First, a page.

Just another day at Camden Yards, right? Another ho-hum, garden-variety 5-2 win Sunday, this time over the Oakland Athletics? OK, maybe not.
Say what you will about this team and where it'll end up at season's end. But right now, you can't deny this: The Orioles sure have been fun to watch.
"It was fun there in the ninth inning," manager Buck Showalter said in his typically understated way.
Fun in the ninth? Yeah, kind of.
Let's play it back: With one out, Matt Wieters doubles off A's closer Grant Balfour, a shot to the base of the left-field wall to tie the game at 2. Two batters later, Wilson Betemit smacks a walk-off homer.
Then Betemit tosses his helmet high in the air on his home run trot and jumps into the obligatory scrum of teammates waiting for him at the plate, getting his celebratory beat-down with most of the crowd of an announced 31,793 still in the house and on its feet, roaring.
Just another win? Hardly.
That's as much fun as it gets for this team, which went 5-1 on this homestand to push its record to 14-8 and hold on to — I know it's early, but this is fun to write — first place in the American League East.
Of course, now we're about to find out just how good the Orioles are.
Looked at the schedule lately? I say that because the Orioles have an absolutely brutal stretch of games coming up.
Pivotal road trip, Buck?
Or is it too early in the season to start using that word?
"I do think it's too early to feel that way," Showalter said before Sunday's tidy two-hour, 31-minute game. "But anytime you're playing teams in your division, you want to play well, especially in their park."
And the schedule doesn't get much better from there. Because after Boston, the Orioles return home for nine days to play the Texas Rangers, Tampa Bay Rays and Yankees again.
But that's a worry for another day. And the Orioles weren't about to dwell on it Sunday, not after their most inspiring win of this young season.
Against the A's, they ripped a page out ofEarl Weaver's old handbook, winning with pitching, defense and Betemit's three-run homer.
Starter Tommy Hunter wasn't great, but he went seven innings, scattered seven hits and kept the Orioles in the game.
What was great was the Orioles' defense.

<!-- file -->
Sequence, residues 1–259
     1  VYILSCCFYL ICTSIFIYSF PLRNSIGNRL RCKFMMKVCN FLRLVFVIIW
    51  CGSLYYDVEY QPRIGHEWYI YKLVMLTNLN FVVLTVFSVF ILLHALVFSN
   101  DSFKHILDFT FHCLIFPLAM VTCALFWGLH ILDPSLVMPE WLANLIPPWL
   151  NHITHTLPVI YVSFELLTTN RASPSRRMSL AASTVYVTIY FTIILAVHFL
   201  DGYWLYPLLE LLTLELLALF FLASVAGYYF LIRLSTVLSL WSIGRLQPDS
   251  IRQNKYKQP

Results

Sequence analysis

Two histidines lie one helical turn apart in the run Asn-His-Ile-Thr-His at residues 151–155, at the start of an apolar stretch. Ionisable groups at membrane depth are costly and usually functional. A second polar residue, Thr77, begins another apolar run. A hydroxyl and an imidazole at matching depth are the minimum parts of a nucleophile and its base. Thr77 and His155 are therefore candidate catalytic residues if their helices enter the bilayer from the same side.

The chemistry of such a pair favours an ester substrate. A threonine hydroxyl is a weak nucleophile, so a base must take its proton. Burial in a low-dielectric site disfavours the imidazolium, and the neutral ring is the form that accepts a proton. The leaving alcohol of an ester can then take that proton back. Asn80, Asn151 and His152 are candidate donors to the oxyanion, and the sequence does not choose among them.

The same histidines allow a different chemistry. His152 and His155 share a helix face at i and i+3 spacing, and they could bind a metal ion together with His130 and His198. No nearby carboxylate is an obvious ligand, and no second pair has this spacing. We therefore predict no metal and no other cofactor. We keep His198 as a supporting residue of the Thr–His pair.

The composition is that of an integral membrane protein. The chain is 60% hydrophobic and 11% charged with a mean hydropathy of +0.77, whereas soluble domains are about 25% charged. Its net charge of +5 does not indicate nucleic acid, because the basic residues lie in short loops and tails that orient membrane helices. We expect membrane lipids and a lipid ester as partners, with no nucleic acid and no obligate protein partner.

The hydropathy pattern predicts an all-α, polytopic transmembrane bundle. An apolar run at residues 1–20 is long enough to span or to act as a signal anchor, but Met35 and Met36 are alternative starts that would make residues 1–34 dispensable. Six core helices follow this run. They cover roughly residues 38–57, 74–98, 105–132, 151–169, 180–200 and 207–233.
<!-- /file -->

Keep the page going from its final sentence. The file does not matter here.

Mark Reynolds, making his first start at first base, looked like a Gold Glover when he stabbed a sharp grounder off the bat of Kila Ka'aihue in the fourth inning to start a 3-6-3 double-play from his knees. One batter later, right fielder Nick Markakis gunned down Seth Smith trying to stretch a single into a double.
In the fifth, Nolan Reimold reached over the left-field wall to take a homer away from A's catcher Kurt Suzuki. And to make the catch, Reimold had to fight off an adult fan with a glove the size of a frying pan.
(Dude, you're a grown man. Leave the glove at home next time. Let the kids catch the home run balls.)
"I thought we played a real good defensive game, which is probably the difference in us being in that game," Showalter said.
It probably was, what with portly A's starter Bartolo Colon pitching a shutout into the ninth inning.
(How old is this guy now, 56? OK, he's really only 38. But it feels like he has been pitching since the dawn of the space age.)
Anyway, early in the season or not, that was a big win for the Orioles on Sunday.
Will it carry over on this next road trip, to the big series that starts Monday night at Yankee Stadium? Showalter shrugged.
"We had a good game today,"' he said. "Everybody feels good. We'll have a good train ride to New York. I take some pleasure in seeing them feel good about themselves. But they're mature enough to know we have a challenge ahead of us and how long the season is.
"But I've been real proud of them. Ever since the first day they got down to camp, there's been a real good karma about them."
Is that a quote for the ages or what?
When an old-school manager like Showalter starts talking about good karma, you know the team's having fun.
Listen to Kevin Cowherd at 7:20 a.m. Tuesdays on 105.7 The Fan's "The Norris and Davis Show."